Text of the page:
New Product Owner in existing team
I'm just new to an existing scrum team that is in a scrum transition period as a product owner. And also I have PSMI certificate, according to my observations in the first weeks, there are some shortcomings in their scrum applying. But first of all, I want to make one-on-one meetings with the team. And I need your advice at this point, on how should my approach be. And which questions I should ask the team in these one-on-one meetings.
PS: There are some developers who are shy and avoid talking.
Your advice is very valuable to me.
Have you mentioned these observations in a Sprint Retrospective?
One-on-ones are a poor substitute for action by a team with a consensus view of reality.
If you have your PSM I certification, why would you even consider having 1:1s with the team members as an attempt to improve? And as a Product Owner, why do you feel it is your job?
As @Ian points out, the entire team is responsible for the work and output that is achieved. Since you are the one that thinks you see problems, you should feel comfortable bringing this up in a Retrospective for the team to discuss. Remember that there is no single person that makes all of the decisions in Scrum. Also remember that your opinion may not reflect those of the rest of the team.
Hi @lan and @Daniel,
First of all, I appreciate your advice. But I guess I expressed myself wrong. The goal of these 1:1 meetings is to get to know them, not fix the shortcomings that I observed. Of course, I will discuss my observation in retrospective as you said.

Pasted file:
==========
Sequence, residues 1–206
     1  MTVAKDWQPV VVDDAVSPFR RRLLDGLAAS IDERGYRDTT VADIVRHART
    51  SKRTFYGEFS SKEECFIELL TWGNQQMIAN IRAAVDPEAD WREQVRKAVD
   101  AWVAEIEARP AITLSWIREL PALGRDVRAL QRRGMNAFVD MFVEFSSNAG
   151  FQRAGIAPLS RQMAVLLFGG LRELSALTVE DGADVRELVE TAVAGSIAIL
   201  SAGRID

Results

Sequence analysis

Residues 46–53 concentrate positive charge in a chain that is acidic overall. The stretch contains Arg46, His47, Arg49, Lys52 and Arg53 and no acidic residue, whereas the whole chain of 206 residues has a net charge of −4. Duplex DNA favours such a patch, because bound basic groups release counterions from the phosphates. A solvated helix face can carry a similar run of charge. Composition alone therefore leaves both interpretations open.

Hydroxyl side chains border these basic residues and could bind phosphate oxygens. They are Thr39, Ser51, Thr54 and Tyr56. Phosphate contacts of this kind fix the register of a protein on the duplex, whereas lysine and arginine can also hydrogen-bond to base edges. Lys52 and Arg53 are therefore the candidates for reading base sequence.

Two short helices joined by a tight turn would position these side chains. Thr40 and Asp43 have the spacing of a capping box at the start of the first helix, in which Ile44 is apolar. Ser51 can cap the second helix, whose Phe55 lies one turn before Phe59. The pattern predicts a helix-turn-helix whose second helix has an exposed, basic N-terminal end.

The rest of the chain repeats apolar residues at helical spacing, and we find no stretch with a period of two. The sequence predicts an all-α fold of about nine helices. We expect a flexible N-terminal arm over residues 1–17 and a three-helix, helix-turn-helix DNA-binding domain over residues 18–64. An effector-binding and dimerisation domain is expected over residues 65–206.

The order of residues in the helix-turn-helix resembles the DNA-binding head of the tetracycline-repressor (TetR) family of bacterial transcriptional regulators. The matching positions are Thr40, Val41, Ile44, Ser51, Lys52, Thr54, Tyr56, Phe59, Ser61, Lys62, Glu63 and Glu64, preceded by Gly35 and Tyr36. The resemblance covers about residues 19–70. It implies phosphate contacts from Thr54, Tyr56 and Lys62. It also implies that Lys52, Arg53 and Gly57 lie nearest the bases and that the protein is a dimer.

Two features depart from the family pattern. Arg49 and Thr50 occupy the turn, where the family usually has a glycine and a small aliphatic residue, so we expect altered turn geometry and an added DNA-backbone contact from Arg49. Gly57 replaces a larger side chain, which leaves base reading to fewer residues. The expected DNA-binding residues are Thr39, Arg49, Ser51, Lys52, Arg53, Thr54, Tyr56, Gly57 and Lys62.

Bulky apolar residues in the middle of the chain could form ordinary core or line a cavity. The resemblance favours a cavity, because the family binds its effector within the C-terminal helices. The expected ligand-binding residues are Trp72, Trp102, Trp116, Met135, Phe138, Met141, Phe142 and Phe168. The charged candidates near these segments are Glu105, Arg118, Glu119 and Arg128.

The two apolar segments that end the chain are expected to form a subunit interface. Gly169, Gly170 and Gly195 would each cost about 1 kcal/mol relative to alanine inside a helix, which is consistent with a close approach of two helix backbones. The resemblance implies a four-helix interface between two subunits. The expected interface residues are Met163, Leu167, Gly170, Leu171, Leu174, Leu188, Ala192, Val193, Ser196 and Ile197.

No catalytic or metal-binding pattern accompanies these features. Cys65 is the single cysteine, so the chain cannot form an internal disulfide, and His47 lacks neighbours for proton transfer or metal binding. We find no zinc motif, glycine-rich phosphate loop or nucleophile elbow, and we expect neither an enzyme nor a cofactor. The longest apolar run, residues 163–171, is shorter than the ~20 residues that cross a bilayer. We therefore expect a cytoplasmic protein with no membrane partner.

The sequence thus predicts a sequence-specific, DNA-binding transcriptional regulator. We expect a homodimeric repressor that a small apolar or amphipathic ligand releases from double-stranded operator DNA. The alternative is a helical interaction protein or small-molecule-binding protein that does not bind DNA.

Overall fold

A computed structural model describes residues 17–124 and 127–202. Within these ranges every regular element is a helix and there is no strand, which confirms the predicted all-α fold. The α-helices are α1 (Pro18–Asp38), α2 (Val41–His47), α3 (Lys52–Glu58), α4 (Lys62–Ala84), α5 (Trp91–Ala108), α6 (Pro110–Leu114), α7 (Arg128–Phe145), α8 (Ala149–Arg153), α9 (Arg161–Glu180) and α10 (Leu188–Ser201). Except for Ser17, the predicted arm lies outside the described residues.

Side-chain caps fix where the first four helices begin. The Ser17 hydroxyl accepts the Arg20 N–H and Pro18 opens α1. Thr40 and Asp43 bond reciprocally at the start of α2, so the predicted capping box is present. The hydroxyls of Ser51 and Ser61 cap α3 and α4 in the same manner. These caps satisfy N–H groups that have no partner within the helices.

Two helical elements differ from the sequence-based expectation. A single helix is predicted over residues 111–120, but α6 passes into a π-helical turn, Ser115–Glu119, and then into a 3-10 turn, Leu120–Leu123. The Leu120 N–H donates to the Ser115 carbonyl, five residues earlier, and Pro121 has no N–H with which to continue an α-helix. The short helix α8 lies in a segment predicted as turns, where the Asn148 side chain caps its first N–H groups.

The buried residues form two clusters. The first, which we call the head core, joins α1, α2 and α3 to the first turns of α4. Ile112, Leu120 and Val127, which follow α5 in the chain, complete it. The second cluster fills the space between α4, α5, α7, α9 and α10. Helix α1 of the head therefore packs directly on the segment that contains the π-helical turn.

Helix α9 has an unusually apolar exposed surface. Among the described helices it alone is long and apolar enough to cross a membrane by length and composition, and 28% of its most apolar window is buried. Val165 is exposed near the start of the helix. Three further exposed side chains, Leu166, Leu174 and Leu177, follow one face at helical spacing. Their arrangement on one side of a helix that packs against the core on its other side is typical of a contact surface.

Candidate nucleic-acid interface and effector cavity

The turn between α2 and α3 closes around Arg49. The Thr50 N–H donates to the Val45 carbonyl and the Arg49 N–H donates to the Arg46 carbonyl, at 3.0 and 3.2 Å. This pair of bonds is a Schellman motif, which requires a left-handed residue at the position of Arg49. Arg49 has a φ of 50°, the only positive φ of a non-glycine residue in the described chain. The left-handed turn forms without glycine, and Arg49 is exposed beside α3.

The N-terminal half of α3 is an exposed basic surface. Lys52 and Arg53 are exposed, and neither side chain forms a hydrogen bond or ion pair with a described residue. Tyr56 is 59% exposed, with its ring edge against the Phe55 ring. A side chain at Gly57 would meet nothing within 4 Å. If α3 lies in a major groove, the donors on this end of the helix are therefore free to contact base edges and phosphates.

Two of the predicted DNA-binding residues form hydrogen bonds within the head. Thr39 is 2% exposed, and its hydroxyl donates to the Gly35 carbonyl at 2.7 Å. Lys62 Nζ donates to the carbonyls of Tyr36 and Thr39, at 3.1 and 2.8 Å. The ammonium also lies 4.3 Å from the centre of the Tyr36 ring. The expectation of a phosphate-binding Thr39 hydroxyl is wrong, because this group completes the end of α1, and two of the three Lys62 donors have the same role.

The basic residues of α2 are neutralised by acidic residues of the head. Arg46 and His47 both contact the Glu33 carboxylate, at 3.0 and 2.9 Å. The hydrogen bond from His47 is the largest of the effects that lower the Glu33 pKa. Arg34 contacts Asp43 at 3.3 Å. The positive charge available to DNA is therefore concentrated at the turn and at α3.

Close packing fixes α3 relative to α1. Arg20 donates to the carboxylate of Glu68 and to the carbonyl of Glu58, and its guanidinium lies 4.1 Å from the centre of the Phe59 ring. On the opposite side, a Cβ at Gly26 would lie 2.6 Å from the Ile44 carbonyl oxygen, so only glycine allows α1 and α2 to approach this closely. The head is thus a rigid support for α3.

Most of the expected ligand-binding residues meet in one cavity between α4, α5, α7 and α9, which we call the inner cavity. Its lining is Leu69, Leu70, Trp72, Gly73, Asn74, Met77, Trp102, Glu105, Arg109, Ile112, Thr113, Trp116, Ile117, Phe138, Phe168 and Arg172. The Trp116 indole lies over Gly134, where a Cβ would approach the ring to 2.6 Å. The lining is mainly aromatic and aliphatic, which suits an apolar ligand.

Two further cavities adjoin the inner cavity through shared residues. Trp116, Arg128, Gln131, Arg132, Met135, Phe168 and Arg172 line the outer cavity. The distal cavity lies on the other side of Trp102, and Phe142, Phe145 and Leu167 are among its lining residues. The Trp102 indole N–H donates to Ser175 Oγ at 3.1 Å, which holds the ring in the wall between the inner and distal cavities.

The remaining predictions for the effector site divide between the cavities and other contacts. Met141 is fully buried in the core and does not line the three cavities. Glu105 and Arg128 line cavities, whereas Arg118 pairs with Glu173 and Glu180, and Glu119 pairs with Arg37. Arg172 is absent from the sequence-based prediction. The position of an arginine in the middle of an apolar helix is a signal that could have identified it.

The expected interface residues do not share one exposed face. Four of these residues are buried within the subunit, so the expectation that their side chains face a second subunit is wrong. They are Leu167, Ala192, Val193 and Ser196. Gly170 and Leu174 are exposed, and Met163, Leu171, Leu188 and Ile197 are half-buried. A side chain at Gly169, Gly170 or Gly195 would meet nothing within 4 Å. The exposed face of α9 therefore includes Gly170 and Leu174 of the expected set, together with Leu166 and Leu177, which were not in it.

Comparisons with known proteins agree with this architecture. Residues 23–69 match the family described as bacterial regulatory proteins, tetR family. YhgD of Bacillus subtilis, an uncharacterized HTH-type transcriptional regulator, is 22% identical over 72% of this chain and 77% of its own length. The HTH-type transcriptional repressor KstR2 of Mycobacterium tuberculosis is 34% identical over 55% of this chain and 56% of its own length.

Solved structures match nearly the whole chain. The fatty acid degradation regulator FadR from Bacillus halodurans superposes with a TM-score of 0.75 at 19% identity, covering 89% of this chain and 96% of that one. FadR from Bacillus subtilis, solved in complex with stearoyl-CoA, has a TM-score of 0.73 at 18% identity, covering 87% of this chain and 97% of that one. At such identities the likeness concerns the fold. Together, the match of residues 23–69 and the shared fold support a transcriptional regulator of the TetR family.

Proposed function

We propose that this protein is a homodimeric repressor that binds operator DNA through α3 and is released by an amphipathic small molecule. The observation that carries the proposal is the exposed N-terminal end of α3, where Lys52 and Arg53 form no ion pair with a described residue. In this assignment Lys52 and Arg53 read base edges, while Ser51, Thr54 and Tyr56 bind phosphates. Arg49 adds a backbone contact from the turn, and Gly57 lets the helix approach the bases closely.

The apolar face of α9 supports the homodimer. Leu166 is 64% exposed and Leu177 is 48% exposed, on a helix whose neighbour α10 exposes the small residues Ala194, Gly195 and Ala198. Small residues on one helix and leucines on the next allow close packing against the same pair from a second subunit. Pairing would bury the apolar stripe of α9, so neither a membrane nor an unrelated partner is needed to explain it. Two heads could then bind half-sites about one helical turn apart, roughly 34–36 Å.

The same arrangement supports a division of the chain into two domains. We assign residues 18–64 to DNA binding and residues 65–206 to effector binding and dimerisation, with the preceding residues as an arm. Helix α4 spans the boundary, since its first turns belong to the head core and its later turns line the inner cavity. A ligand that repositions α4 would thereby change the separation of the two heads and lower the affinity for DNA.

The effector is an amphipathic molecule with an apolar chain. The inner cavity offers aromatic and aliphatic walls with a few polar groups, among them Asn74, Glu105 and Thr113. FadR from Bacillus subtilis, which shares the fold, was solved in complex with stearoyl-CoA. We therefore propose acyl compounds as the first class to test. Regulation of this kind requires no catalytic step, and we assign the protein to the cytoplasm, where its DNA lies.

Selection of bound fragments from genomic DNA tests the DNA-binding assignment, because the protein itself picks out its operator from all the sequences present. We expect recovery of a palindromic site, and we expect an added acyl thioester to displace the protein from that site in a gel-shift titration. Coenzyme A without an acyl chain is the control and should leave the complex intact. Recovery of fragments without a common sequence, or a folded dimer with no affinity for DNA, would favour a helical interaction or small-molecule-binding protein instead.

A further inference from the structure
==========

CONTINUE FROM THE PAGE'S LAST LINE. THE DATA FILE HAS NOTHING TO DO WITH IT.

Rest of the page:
As I said before the team is in the Scrum transition process, so I am undecided on what should be my approach in these meetings? What kind of questions should I ask? Because this is my first time being involved with an existing scrum team that is in the transition process.
If you want to get to know people it"s usually best to frame any questions as open ones -- not questions which demand a yes/no answer, but which encourage a train of thought. It typically isn't the information content which is important at this stage, but the ability to get into rapport. Information comes later.
Thank you for your help.
Whenever I start with a new team I go through a similar process of just trying to have 1:1 conversations with people to understand where they are.
I usually try to ask:
What's your favourite thing about the job/company?
Whats the biggest source of pain/thing that stops you from being successful in the role?
What do you think is our biggest oppurtunity for change?
These questions usually start to uncover patterns that tell me where to start poking, but as others have said, don't try to take action based on those conversations, just use them to help you understand the environment.